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Nicolas Cage does his drugs, debts, and prostitutes thing as the main character in <em>Bad Lieutenant: Port of Call New Orleans</em>.

Nicolas Cage does his drugs, debts, and prostitutes thing as the main character in Bad Lieutenant: Port of Call New Orleans.


Bad Lieutenant: Port of Call New Orleans

Nicolas Cage and Eva Mendes Star in a Film Written by William Finkelstein and Directed by Werner Herzog


On paper, it seemed quizzical that the great and quirky German director Werner Herzog would choose to make his first American cop movie this late in his career (he’s 67, but in full creative swing these days). But nagging questions quickly are laid to rest within a scene or two of this saucy, blissfully unconventional remake of Abel Ferrara’s gritty 1992 film. In Herzog’s superior version, set in New Orleans, the unapologetically “bad” lieutenant-played with a crazed glaze by Nicolas Cage-is a direct descendant of Herzog’s old pal and recurring star Klaus Kinski, an obsessive and transgressive protagonist dancing on the brink.

Despite the radical differences in venue and genre, Bad Lieutenant falls neatly in line with such Herzog classics as Aguirre, Wrath of God, Fitzcarraldo, and even his profound doc Grizzly Man, both thematically and in terms of the unique Herzog touch. The jungle in question this time is New Orleans’s seedier, venal drug-running quarters. Yes, the lieutenant here is categorically bad, consuming copious amounts of drugs, running up shark-infested debts, and navigating the sphere where his prostitute girlfriend (Eva Mendes) runs. But he is also driven maniacally to get the job done, by whatever means necessary.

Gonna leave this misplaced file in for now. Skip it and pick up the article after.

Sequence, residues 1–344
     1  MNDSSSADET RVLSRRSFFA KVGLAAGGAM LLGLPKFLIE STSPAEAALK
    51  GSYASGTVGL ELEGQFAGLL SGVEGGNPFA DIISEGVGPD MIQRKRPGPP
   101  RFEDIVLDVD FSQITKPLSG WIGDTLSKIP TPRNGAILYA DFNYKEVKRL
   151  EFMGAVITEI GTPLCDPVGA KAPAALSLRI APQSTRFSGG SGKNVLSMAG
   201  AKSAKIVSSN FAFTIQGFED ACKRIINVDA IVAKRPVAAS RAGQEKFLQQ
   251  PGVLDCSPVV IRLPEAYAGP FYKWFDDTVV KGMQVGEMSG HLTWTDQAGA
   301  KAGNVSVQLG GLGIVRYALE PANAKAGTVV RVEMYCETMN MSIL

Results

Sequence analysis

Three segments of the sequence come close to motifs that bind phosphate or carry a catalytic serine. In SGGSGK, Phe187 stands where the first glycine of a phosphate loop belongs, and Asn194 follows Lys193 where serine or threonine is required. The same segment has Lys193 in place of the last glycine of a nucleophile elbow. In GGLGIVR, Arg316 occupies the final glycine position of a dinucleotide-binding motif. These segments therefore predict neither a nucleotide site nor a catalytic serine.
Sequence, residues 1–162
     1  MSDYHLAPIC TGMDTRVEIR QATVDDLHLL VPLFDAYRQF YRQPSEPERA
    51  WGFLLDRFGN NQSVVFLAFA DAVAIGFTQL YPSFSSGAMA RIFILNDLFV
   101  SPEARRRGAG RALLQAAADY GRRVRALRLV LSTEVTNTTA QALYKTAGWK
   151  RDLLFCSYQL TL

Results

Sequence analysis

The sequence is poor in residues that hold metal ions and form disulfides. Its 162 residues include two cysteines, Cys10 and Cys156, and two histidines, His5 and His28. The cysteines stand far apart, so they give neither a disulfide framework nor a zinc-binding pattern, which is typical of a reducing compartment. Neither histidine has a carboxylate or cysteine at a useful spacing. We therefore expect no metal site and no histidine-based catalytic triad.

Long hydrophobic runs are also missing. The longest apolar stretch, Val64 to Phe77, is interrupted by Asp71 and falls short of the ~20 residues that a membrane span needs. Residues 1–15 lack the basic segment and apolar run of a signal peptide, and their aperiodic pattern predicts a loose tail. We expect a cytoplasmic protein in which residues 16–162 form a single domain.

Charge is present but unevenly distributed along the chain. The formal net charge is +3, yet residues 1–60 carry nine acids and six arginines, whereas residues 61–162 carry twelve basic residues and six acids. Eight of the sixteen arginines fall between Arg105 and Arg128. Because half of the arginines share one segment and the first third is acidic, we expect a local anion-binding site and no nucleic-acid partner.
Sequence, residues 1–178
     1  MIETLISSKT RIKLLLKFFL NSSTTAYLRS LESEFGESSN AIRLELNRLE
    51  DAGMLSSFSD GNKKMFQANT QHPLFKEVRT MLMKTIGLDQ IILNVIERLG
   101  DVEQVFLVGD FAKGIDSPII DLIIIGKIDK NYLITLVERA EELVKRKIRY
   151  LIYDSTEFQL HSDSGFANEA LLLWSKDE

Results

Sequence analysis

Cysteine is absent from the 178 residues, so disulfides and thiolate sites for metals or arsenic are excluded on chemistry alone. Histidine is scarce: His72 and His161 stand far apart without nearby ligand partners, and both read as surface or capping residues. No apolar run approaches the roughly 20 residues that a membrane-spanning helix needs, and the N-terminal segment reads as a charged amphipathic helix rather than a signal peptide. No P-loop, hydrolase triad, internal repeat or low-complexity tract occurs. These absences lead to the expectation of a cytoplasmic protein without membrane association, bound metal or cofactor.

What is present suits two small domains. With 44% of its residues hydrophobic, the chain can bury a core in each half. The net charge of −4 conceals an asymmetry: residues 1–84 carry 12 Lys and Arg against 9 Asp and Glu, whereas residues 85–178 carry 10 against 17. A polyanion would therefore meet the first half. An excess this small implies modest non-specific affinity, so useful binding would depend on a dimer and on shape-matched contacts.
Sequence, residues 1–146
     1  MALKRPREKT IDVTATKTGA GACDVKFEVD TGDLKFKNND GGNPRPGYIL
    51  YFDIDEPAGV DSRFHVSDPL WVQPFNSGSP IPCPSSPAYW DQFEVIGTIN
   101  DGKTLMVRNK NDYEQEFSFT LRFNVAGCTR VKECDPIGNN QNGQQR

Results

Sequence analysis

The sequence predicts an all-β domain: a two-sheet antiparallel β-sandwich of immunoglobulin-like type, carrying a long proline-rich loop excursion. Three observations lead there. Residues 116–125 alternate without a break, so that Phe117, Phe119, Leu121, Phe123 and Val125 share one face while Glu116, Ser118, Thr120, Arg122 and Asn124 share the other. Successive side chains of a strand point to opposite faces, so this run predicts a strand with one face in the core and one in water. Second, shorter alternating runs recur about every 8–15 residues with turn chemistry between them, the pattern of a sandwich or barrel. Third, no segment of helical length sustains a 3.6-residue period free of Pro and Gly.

Herzog has fun with the genre, making it almost comically gritty. “Shoot him again,” says our man, after a satisfying and long-worked-for offing of a bad guy, “his soul’s still dancing.” In his ill-fitting suits and vulpine slouch, Cage himself delivers a weirdly seductive performance, adding to his very short list of great turns-i.e. Wild at Heart and Leaving Las Vegas. He’s best in roles where brute force, drugged affectations, and eccentric theatricality are required.

Hollywood would be lucky to have Herzog working his magic in the ongoing supply line of new feature films, but his stubborn and multilayered artistic vision may not win over the multiplex set. At least in this case, Herzog has delivered a fascinating, unflinching, darkly comical, and shamelessly unrepentant “bad cop” tale with a fresh sense of style. It’s the cop flick of the year. Who woulda thunk?

For showtimes, check the Independent's movie listings, here.



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